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BIK on Classic Car

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    BIK on Classic Car

    Hello

    Am trying to work out the BIK on a classic car and just wanted to double check something.

    According to HMRC's rules:

    A classic car is one which:
    - is at least 15 years old on 5 April 2022
    - has a market value of at least £15,000
    - has a market value which is higher than the original list or notional price (including accessories)

    Do all three have to apply in this case? Or just one? Since my case fails on the last clause. When it was brand new it was around £50k, now it's around 15-16k.


    Cheers
    MG

    #2
    All three. The idea is to define a 'Classic' not just an old banger.

    The last one isn't as straight forward as your list looks though. The gov pages use a different term

    https://www.gov.uk/hmrc-internal-man...20ITEPA%202003.

    Which says you also need to read this

    https://www.gov.uk/hmrc-internal-man...anual/eim24015

    Plenty of articles going through it step by step e.g.

    https://www.jsca.co.uk/how-about-a-c...r-company-car/

    Cars are a complex area and you've gone for an even more specialist area so I'd go get professional advice rather than ask a bunch of contractors to be honest.
    Last edited by northernladuk; 6 May 2022, 11:05.
    'CUK forum personality of 2011 - Winner - Yes really!!!!

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      #3
      What is the car and why do you want to put it through the company? Are you working 100% WFH? What's your reasoning for trying to put this through the company?
      'CUK forum personality of 2011 - Winner - Yes really!!!!

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        #4
        I do WFH. But the car is going to have a ton of work done. So seems more tax efficient to put it via the company.

        It seems the car doesn't qualify unfortunately.
        Last edited by mgrover; 6 May 2022, 15:00.

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          #5
          Originally posted by mgrover View Post
          I do WFH. But the car is going to have a ton of work done. So seems more tax efficient to put it via the company.

          It seems the car doesn't qualify unfortunately.
          It doesn't anyway.

          You and YourCo are not the same (legally you and it are separate persons) and I suspect YourCo is not in the business of classic car restoration. You can't simply use one side's money to pay for the other's.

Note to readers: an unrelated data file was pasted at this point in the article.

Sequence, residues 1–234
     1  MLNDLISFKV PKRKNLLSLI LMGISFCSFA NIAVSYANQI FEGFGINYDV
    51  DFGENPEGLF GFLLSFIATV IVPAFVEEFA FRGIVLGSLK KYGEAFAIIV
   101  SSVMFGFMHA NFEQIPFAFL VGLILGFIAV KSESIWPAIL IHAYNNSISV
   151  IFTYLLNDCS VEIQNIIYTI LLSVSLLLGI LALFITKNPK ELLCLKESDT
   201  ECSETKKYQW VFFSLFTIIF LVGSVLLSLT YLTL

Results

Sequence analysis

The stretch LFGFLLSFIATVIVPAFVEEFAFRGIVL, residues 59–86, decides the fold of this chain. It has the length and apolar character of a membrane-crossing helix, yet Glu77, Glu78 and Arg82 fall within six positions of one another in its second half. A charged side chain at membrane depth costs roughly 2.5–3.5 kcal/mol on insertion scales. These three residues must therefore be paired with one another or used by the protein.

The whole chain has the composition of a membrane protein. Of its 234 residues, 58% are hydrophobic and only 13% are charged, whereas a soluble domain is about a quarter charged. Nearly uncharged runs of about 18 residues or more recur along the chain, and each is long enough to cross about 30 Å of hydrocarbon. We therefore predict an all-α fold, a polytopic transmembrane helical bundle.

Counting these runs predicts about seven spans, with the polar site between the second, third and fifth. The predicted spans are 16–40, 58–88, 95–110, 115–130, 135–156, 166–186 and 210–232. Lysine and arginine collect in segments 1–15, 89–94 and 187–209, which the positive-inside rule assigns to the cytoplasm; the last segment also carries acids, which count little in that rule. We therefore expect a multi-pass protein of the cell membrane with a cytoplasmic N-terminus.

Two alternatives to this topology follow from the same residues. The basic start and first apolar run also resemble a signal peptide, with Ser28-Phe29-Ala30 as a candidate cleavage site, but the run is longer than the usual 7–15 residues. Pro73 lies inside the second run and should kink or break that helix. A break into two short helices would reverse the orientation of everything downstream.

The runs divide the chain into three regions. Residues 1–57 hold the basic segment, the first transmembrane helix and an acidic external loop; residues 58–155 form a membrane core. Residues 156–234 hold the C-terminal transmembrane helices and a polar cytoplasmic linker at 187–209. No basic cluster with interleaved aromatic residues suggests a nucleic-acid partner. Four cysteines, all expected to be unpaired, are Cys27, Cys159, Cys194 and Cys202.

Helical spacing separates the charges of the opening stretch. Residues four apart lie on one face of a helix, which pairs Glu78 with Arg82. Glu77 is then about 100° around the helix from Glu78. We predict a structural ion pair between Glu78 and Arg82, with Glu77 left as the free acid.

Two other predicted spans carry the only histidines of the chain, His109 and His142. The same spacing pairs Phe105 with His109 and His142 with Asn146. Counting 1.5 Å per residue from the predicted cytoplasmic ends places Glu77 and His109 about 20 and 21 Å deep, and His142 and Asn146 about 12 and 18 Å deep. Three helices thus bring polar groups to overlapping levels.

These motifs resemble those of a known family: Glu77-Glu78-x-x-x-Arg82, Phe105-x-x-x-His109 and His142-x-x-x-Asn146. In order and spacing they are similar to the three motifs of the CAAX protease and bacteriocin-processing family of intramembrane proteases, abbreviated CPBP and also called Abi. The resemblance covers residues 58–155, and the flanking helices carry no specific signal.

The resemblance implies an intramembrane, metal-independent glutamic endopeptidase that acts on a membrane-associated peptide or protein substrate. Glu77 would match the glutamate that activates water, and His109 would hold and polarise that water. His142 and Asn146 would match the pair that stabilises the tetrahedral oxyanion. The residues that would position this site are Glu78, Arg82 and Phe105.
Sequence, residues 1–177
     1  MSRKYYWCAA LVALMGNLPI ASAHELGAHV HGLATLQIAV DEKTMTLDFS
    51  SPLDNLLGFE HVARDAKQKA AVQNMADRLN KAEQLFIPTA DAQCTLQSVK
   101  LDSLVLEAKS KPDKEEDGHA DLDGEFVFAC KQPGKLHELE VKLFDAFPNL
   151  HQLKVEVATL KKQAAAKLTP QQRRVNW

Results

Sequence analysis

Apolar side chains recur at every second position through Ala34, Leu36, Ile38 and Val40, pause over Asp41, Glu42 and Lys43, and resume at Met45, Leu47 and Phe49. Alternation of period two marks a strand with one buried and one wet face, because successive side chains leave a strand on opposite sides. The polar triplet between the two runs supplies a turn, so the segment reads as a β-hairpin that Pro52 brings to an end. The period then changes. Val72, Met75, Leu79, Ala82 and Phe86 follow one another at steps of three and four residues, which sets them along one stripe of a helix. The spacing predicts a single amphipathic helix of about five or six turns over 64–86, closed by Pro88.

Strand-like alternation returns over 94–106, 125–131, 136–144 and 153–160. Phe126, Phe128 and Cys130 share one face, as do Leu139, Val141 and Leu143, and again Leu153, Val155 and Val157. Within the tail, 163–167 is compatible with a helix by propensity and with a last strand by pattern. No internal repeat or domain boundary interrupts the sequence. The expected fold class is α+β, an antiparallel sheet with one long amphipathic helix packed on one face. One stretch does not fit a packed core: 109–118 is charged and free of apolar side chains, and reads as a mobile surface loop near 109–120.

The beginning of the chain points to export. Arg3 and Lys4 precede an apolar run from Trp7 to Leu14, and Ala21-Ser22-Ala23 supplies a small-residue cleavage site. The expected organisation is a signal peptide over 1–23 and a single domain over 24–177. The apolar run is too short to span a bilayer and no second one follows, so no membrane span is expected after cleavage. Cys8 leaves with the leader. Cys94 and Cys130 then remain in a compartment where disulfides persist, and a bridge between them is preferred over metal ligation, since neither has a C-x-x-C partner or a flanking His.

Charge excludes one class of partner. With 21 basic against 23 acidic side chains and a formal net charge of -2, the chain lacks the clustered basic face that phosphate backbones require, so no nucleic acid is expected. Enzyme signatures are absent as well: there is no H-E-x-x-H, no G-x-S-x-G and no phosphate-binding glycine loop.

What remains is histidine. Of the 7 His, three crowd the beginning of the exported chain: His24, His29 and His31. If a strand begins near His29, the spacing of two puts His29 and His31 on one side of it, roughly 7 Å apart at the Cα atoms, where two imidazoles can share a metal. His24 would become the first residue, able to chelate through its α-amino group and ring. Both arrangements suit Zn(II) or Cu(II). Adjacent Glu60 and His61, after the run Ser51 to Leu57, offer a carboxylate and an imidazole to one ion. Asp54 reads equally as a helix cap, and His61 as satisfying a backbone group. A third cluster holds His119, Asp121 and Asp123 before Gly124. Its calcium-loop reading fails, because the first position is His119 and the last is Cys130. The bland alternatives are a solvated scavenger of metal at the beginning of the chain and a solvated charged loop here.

You need to understand that separation before you get into real trouble.
          Blog? What blog...?

          Comment


            #6
            This sounds like the sort of grubby behaviour that gives contractors a bad name.

            Comment


              #7
              Originally posted by malvolio View Post

              It doesn't anyway.

              You and YourCo are not the same (legally you and it are separate persons) and I suspect YourCo is not in the business of classic car restoration. You can't simply use one side's money to pay for the other's.

              You need to understand that separation before you get into real trouble.
              Well duh, I'd sell the car to the company and the work carried out is just maintenance. Just rust work.

              If the company owned the car it would be responsible for the maintenance.

              The separation is fairly obvious given I'd pay tax on it.

              Comment


                #8
                Originally posted by TheDude View Post
                This sounds like the sort of grubby behaviour that gives contractors a bad name.
                What following the law to the letter and paying the Benefit in kind tax required?

                ​​​​​​The ******* audacity...

                Comment


                  #9
                  Originally posted by mgrover View Post

                  Well duh, I'd sell the car to the company and the work carried out is just maintenance. Just rust work.

                  If the company owned the car it would be responsible for the maintenance.

                  The separation is fairly obvious given I'd pay tax on it.
                  Why doesn't the company buy the car then sell it back to you on completion at market rates...? You realise that the VAT probably wouldn't be reclaimable I suppose?

                  It would be cheaper and considerably less suspicious to take a loan or a dividend from the company and do it yourself, especially if you're aiming to pay the taxes anyway. Anything else is simply making things difficult.

                  It's no different to buying a personal company car, and the advice on that for many years has been that it is not worth the hassle.
                  Blog? What blog...?

                  Comment


                    #10
                    Originally posted by mgrover View Post

                    What following the law to the letter and paying the Benefit in kind tax required?
                    Not really. There are certain carry ons HMRC will see as aggressive tax avoidance i.e. you've gone one step too far and this would be one of them. You've entered in to a tax situation that is not driven by the business and is only there to avoid tax. A company car you don't need that then suddenly needs 1000's of pounds spending on it won't sit well with HMRC.
                    'CUK forum personality of 2011 - Winner - Yes really!!!!

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